We also don’t want our patients to think that if they are cavity-free they couldn’t possibly have gum disease. Gum disease is painless in its beginning stages and many people don’t know they have it. That’s why proper oral hygiene and twice-yearly visits to your dentist are essential for your oral health, even if you don’t have a cavity!

Myth #3: Gum Disease Is Irreversible
What we really want our patients to understand is that gum disease is reversible in its earliest stage: gingivitis! The earlier gingivitis is caught, the easier it is to eliminate it before it advances to full-blown periodontitis. Finding out you have gingivitis can be worrisome but here’s the good news: good oral hygiene habits and professional cleanings can, in most cases, rid you of gingivitis and stop gum disease in its tracks.

Myth #4: Only Adults Can Get Gum Disease

Gum disease is much more prevalent in adults, but that doesn’t mean that our children are invulnerable. Children can be more susceptible to gum disease if they are genetically predisposed or have certain illnesses such as autoimmune disorders or diabetes. Even puberty, with all its hormonal changes, can put your child more at risk. Their best defense against any dental disease–gum disease and tooth decay included–is to take care of their teeth at home and visit the dentist on a regular basis.

Myth #5: Everyone With Diabetes Has Gum Disease
If you have diabetes, developing gum disease is not inevitable, although you are certainly at a higher risk. Now more than ever you’ll need a good relationship with and frequent visits to your dentist. A rigorous oral hygiene regimen as well as frequent cleanings can help stave off the onset of gum disease. Proper blood glucose control can also help you lower your risk.

Gum Disease Myths… Busted!
Now that you know more about gum disease, keep up the good work avoiding it! Let us know if you have any questions in the comments below or on our Facebook page. Thanks for reading!

As always, thank you for supporting our practice

Disclaimer: The content on this blog is not intended to be a substitute for professional medical advice, diagnosis, or treatment. Always seek the advice of qualified health providers with questions you may have regarding medical conditions. 

How Pregnancy Affects Your Oral Health

March 15, 2017

Filed under: Uncategorized — gathright @ 5:00 pm

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PREGNANCY AFFECTS NEARLY every aspect of your life–your lifestyle, your diet, your health, and much more! Your mouth is no exception to the changes your body may experience during pregnancy. During this special time, you’ll need to pay particular attention to your oral health for both your sake and your growing baby’s.

You May Be More Prone To Dental Problems

One of the main concerns we have for expectant mothers is what we call pregnancy gingivitis. Around 40 percent of pregnant women have some form of gum disease–gingivitis being the first stage. Because of raised hormone levels during pregnancy, you may be more sensitive to dental plaque than before, causing your gums to be sensitive, swell and bleed. Studies have linked mothers with gum disease to premature delivery and lower birth weights.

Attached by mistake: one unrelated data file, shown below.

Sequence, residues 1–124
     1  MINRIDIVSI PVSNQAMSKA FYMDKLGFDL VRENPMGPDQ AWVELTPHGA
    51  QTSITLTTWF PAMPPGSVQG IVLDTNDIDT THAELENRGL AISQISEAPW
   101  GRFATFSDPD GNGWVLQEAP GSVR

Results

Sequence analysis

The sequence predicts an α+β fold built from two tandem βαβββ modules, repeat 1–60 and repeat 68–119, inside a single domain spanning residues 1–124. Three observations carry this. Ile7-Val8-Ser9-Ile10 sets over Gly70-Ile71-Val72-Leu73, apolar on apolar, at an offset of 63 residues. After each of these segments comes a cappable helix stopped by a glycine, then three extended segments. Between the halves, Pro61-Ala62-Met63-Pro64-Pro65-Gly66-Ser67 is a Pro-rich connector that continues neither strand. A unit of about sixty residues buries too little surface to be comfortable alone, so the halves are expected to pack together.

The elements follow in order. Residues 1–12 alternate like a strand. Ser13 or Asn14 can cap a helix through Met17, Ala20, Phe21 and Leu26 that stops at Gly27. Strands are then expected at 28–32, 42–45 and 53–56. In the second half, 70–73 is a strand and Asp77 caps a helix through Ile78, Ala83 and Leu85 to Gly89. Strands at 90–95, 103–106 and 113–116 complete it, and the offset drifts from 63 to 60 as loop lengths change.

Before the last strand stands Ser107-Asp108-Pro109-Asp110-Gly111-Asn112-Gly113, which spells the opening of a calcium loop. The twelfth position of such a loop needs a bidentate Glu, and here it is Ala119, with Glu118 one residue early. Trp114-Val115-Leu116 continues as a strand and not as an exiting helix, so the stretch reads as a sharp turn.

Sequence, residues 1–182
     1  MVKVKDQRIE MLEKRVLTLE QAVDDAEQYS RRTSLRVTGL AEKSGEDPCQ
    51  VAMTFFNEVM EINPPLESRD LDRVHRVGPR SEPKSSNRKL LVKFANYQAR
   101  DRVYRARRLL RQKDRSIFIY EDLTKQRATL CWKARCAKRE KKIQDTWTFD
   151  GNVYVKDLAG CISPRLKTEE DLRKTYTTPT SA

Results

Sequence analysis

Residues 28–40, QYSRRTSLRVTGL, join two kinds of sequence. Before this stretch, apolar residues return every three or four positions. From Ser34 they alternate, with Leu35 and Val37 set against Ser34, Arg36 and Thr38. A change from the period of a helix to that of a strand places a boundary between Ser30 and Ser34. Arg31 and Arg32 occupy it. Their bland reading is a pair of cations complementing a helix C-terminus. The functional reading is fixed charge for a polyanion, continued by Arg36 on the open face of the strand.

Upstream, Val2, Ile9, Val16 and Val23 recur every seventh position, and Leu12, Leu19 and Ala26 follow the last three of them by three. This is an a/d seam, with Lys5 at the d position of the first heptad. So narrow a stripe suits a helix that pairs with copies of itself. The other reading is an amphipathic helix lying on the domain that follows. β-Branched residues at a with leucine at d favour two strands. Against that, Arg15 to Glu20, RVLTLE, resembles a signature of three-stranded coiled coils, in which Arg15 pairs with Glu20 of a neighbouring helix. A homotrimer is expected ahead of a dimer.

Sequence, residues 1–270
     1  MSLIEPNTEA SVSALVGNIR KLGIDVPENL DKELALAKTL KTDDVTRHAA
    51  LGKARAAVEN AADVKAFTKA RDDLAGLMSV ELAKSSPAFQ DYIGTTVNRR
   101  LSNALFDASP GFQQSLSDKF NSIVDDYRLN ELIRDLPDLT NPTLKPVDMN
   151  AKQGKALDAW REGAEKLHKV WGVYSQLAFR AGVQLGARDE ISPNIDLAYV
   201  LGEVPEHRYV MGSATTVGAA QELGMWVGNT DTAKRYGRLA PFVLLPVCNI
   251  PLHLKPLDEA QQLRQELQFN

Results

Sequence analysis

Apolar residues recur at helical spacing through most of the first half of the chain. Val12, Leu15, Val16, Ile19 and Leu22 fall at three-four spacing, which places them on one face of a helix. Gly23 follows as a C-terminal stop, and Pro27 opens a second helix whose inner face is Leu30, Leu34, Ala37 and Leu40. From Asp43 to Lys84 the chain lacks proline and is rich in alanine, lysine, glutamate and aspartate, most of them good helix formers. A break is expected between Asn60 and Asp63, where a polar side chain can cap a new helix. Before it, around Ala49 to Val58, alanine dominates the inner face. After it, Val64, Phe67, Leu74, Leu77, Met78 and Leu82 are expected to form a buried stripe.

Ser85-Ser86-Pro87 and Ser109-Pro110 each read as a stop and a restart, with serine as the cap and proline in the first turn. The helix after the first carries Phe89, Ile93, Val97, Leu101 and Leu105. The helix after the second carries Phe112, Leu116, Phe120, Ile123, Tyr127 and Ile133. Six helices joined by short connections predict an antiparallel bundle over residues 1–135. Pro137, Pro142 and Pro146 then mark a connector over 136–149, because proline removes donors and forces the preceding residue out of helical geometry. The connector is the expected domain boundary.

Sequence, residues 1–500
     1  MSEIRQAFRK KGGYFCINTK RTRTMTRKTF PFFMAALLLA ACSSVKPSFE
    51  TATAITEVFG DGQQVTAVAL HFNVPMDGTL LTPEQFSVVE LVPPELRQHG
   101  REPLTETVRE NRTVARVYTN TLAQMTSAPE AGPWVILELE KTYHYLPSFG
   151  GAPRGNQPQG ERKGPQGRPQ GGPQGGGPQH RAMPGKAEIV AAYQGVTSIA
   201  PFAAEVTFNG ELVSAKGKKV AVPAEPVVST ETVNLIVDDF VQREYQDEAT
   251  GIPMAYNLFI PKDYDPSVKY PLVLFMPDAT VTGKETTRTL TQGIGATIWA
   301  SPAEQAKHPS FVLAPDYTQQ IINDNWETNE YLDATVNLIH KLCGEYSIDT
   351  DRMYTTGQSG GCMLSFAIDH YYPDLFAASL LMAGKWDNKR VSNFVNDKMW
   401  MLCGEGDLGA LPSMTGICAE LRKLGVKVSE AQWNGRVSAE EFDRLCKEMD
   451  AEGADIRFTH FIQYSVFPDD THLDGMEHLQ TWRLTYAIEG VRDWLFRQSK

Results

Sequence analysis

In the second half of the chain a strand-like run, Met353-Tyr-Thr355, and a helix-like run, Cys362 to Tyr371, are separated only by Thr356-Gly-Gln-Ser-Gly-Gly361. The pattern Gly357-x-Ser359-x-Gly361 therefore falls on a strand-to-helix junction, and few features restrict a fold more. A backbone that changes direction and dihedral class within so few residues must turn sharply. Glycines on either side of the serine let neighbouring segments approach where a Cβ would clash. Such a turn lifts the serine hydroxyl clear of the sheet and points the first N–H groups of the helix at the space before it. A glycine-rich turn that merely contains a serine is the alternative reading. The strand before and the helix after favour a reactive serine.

In about five percent of pregnancies, women may experience lumps along the gum line and in between teeth. Luckily, these swellings are harmless and usually go away after baby is born. Even though these are known as “pregnancy tumors,” there is no need to be alarmed as they are not cancerous and can be easily removed by your dentist.

Morning sickness can also cause dental woes for expectant mothers. Pregnant women often complain of sensitive gag reflexes and even routine tasks such as brushing and flossing can induce vomiting. Exposure to acid, especially strong stomach acid, can lead to tooth enamel erosion, decay and sensitivity. After vomiting, we recommend rinsing your mouth out with a teaspoon of baking soda mixed with water to neutralize stomach acid and prevent any damage to teeth.

Protect Your Teeth During Pregnancy

To protect your teeth during pregnancy, one of your first stops should be the dentist’s office. If you are planning on getting pregnant, talk to your dentist beforehand so you can fix any dental issues before conceiving. And when you do find out that you are pregnant, don’t just go to your OB/GYN, make your way to the dentist’s as well!

Routine cleanings and checkups are safe during pregnancy, and as you may be more susceptible to certain dental problems at this time, getting frequent cleanings is a must. You will also need to be diligent about your oral hygiene at home. As always, brush at least twice a day and floss daily.